(NEW YORK) — A new study indicates that the annual number of HIV diagnoses dropped by 33 percent between 2002 and 2011.
The study, published in the Journal of the American Medical Association, analyzed data from the National HIV Surveillance System and the U.S. Centers for Disease Control and Prevention. In 2002, the study found that the rate of HIV diagnosis in the U.S. was 24.1 cases per 100,000 population. That figure fell to 16.1 cases per 100,000 population by 2011.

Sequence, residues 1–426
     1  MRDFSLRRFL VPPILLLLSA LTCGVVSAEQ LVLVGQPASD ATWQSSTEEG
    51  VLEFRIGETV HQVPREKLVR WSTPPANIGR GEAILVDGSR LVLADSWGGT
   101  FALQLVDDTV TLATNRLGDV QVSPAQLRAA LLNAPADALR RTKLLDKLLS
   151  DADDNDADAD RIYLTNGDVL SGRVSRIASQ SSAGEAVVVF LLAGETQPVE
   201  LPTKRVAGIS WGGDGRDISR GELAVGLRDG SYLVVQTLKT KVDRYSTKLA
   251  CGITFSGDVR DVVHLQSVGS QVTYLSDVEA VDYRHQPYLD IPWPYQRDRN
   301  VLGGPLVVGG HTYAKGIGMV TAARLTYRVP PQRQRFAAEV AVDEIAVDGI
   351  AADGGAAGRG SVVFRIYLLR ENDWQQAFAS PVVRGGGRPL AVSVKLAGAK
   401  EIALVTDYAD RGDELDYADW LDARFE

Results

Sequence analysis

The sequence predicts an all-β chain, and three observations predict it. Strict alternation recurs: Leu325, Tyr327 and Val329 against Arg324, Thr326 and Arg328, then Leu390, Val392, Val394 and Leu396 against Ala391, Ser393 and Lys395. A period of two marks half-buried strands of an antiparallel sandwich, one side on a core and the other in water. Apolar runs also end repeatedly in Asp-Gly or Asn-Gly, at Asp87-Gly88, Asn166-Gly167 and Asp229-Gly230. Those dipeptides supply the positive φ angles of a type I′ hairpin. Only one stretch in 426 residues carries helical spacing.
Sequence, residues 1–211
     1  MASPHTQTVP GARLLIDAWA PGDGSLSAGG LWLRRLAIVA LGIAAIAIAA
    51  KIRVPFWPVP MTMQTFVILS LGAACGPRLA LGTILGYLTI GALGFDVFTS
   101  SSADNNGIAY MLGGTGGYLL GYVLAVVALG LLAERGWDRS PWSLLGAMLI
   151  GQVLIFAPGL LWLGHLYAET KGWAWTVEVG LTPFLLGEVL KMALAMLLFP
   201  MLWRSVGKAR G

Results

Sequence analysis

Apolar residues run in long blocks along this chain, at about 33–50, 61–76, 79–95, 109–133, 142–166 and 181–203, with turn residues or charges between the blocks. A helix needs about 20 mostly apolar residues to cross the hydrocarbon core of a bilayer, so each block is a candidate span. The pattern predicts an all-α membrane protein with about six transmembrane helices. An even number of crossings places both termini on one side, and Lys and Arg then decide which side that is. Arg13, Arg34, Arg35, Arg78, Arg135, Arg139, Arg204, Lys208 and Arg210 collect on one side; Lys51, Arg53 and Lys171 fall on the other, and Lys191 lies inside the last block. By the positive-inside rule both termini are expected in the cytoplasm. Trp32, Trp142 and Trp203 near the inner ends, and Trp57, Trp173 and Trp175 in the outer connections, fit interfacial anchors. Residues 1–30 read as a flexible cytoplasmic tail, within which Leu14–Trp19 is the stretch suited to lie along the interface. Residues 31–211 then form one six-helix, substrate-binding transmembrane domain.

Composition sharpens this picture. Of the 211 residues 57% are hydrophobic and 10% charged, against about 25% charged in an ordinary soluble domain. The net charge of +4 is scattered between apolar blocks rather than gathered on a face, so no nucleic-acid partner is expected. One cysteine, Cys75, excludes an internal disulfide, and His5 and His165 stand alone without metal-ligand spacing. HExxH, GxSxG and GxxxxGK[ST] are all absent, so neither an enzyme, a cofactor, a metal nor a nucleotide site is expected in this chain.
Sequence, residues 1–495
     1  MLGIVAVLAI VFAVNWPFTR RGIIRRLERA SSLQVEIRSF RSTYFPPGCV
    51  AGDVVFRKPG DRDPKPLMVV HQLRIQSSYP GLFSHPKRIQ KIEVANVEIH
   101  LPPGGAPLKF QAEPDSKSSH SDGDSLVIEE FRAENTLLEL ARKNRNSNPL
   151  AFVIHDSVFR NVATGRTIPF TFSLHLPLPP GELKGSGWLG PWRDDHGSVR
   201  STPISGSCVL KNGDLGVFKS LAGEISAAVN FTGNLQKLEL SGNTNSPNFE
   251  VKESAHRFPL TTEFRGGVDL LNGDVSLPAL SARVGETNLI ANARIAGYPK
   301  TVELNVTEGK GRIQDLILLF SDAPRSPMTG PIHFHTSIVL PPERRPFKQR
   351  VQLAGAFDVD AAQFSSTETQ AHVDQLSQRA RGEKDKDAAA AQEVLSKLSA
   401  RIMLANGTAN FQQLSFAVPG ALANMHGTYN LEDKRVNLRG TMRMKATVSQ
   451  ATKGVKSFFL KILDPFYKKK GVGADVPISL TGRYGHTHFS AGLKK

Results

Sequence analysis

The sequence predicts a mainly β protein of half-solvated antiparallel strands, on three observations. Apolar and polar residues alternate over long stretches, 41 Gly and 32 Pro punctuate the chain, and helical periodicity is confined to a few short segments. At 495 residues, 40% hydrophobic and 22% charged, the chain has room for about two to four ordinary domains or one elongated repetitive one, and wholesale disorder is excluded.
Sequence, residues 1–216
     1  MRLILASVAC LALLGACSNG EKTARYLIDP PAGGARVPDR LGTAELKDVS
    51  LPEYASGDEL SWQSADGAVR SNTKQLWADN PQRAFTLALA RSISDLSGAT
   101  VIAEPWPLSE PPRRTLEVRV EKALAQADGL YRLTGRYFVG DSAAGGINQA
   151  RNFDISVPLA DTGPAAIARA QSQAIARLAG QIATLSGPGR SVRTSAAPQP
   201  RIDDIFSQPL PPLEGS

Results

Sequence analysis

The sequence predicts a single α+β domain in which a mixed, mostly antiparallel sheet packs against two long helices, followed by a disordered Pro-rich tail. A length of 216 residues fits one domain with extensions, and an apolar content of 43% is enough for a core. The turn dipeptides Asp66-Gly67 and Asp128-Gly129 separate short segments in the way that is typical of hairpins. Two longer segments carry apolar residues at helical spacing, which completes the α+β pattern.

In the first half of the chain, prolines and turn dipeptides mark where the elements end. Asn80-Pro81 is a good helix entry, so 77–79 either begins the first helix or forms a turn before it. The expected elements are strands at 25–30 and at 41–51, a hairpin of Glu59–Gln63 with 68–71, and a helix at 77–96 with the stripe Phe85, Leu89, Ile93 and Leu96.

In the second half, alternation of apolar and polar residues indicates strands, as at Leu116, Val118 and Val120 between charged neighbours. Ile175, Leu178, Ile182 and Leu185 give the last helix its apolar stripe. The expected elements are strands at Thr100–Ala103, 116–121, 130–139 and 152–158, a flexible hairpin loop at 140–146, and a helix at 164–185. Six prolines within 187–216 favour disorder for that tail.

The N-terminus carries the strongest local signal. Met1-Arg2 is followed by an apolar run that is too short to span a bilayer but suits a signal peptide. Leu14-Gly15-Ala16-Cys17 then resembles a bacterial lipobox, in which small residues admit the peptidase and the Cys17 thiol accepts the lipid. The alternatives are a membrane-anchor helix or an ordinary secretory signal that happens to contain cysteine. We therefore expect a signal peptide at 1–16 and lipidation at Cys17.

It was not clear what caused the decrease in HIV diagnoses. The figures only correlate to newly-diagnosed HIV cases each year, not to the overall HIV population.
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Josh Friesen, Idaho State Journal
Karen Lehr, KIVI